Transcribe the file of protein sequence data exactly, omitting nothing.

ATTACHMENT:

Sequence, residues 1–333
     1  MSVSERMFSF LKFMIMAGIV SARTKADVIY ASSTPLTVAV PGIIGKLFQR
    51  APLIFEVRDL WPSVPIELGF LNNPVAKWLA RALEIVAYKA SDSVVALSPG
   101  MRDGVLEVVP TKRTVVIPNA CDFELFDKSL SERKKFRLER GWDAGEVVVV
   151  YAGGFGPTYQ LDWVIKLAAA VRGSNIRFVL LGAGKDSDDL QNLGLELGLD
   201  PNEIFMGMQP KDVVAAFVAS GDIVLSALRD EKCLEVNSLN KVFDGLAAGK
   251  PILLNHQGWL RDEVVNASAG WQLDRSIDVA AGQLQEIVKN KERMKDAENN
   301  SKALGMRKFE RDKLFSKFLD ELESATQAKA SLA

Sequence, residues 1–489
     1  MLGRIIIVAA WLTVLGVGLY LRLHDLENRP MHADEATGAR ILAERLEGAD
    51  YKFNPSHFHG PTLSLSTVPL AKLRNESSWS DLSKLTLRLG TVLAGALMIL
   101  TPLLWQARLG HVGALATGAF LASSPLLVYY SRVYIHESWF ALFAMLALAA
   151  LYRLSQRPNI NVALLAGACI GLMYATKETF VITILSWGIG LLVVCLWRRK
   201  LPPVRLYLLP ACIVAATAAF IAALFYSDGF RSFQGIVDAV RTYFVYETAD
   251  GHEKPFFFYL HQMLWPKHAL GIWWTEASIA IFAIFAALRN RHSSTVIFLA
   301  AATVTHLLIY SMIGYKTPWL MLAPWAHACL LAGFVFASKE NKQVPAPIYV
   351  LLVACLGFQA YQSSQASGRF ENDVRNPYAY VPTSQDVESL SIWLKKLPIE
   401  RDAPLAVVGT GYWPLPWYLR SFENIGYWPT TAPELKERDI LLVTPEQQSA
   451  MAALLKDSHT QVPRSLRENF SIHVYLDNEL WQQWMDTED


Sequence, residues 1–333
     1  MSVSERMFSF LKFMIMAGIV SARTKADVIY ASSTPLTVAV PGIIGKLFQR
    51  APLIFEVRDL WPSVPIELGF LNNPVAKWLA RALEIVAYKA SDSVVALSPG
   101  MRDGVLEVVP TKRTVVIPNA CDFELFDKSL SERKKFRLER GWDAGEVVVV
   151  YAGGFGPTYQ LDWVIKLAAA VRGSNIRFVL LGAGKDSDDL QNLGLELGLD
   201  PNEIFMGMQP KDVVAAFVAS GDIVLSALRD EKCLEVNSLN KVFDGLAAGK
   251  PILLNHQGWL RDEVVNASAG WQLDRSIDVA AGQLQEIVKN KERMKDAENN
   301  SKALGMRKFE RDKLFSKFLD ELESATQAKA SLA

Sequence, residues 1–489
     1  MLGRIIIVAA WLTVLGVGLY LRLHDLENRP MHADEATGAR ILAERLEGAD
    51  YKFNPSHFHG PTLSLSTVPL AKLRNESSWS DLSKLTLRLG TVLAGALMIL
   101  TPLLWQARLG HVGALATGAF LASSPLLVYY SRVYIHESWF ALFAMLALAA
   151  LYRLSQRPNI NVALLAGACI GLMYATKETF VITILSWGIG LLVVCLWRRK
   201  LPPVRLYLLP ACIVAATAAF IAALFYSDGF RSFQGIVDAV RTYFVYETAD
   251  GHEKPFFFYL HQMLWPKHAL GIWWTEASIA IFAIFAALRN RHSSTVIFLA
   301  AATVTHLLIY SMIGYKTPWL MLAPWAHACL LAGFVFASKE NKQVPAPIYV
   351  LLVACLGFQA YQSSQASGRF ENDVRNPYAY VPTSQDVESL SIWLKKLPIE
   401  RDAPLAVVGT GYWPLPWYLR SFENIGYWPT TAPELKERDI LLVTPEQQSA
   451  MAALLKDSHT QVPRSLRENF SIHVYLDNEL WQQWMDTED